The rate of fluid flow is regulated by a control valve as the position of the valve plug or disk can be changed by an actuator. Control Valves are used for maintaining a variable process as close as possible to the desired set point. Controller setpoints are mainly, pressure, flow rate, and temperature. The product parameters like concentration, density, level of the liquid, and others can also be controlled with the help of control valves. A control valve installation comprises an actuator, valve body, accessories, and position. The body comprises a bonnet assembly and trims parts. It has been designed to withstand the static pressure of the fluid and the differential pressure, allows the flow of fluid, and offers connecting ends of the pipe while supporting seating surfaces and a valve closure member.

Actuators are hydraulic, pneumatic, or electrically powered devices which offer the force for opening and closing the valve. The positioners can control and monitor the true actuator movement for maintaining a desired set-point. In the accessories section, there are pressure regulators, electro-pneumatic transducers, handwheels, limit switches, and position indicators. In the very basic terms, control valves can be defined as a power-operated device that can modulate the flow at a varied range of degrees among full capacity and minimal flow in response to a signal from the controlling system. A major role in daily life for increasing the profits of the process plants and conserving energy.

Float Control Valves

Control Valves mainly follow the instructions which it received from the controlling loop. Sensing the element sends a signal to the controller which is in turn conveyed to the positioned that is mounted on the valve. The positioned controls the valve position with the help of an actuator. For selecting the correctly fitted option, it is very important to follow the parameter of the media. These are state, flow rate; vapor pressure, inlet and outlet pressures, density, inlet temperature, molecular weight, critical temperature, specific heat ratio, viscosity, and critical pressure. When you are defining the flow rate, you must add certain safety margins. One must also consider the ambient conditions at system geometry, site, MOC, pipeline sizing, fail-safe positioning, and others.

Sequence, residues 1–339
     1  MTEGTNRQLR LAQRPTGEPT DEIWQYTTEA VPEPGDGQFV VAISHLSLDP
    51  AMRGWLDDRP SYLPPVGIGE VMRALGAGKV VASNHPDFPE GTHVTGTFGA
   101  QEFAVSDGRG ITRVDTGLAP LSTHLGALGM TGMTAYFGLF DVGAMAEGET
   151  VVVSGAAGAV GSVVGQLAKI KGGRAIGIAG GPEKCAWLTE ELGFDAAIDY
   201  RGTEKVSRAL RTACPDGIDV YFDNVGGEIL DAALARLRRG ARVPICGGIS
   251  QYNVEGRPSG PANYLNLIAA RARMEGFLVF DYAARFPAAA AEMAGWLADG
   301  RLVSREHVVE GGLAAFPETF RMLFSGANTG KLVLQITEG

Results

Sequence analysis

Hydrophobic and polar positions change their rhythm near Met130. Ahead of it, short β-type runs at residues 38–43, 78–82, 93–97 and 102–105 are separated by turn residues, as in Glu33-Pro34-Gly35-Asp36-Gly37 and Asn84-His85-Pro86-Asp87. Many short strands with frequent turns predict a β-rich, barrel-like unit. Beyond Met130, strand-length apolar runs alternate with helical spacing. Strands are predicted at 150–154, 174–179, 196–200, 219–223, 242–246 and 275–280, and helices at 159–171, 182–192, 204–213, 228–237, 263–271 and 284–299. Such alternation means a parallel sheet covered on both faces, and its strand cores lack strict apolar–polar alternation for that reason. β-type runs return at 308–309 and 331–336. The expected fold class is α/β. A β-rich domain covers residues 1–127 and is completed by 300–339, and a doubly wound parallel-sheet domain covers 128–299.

Pressure Relief Control Valves   Selecting the right valve for your application –

Depending on the above, the suitability of the valve can be defined. There no single type of valve that can suit all the applications. Each of the valve types has a specific role. So for this, it is important to know which one you must choose for the task remaining on your hand. Here is a brief look at the Control Valves which are widely used.

  • Pressure Reducing Control Valves – The diaphragm operated control valves for pressure reducing applications (PRV) can reduce a higher inlet pressure into a lower outlet pressure automatically. The pressure from the outlet is kept constant without any regard for changes in the rate of flow or the inlet pressure. The main control valve is pilot operated and is capable of precise setting with the easy adjustment of outlet pressure.
  • Float Control Valves – Float Control Valves are automatically operated control valves which are intended for use in on-off or modulating service. These valves are either valve-mounted or remotely operated. The feature combinations include solenoid and pressure sustaining. They are applicable in places wherever it is required to maintain the water level